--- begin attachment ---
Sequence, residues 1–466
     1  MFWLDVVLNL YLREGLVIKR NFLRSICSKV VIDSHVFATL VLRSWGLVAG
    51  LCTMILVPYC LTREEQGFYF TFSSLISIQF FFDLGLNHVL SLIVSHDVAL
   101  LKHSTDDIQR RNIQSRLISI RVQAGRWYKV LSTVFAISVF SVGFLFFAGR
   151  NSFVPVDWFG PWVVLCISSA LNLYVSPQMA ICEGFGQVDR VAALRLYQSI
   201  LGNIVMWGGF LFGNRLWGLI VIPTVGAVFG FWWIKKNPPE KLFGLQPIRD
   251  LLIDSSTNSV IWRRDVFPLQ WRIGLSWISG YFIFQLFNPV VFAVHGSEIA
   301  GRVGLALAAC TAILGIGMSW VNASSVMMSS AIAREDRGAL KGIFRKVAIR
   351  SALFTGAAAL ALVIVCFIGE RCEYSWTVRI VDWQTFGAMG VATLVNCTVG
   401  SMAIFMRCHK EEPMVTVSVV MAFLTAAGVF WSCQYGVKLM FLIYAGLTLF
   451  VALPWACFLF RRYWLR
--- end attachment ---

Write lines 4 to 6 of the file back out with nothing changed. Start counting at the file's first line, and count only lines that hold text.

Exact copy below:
   101  LKHSTDDIQR RNIQSRLISI RVQAGRWYKV LSTVFAISVF SVGFLFFAGR
   151  NSFVPVDWFG PWVVLCISSA LNLYVSPQMA ICEGFGQVDR VAALRLYQSI
   201  LGNIVMWGGF LFGNRLWGLI VIPTVGAVFG FWWIKKNPPE KLFGLQPIRD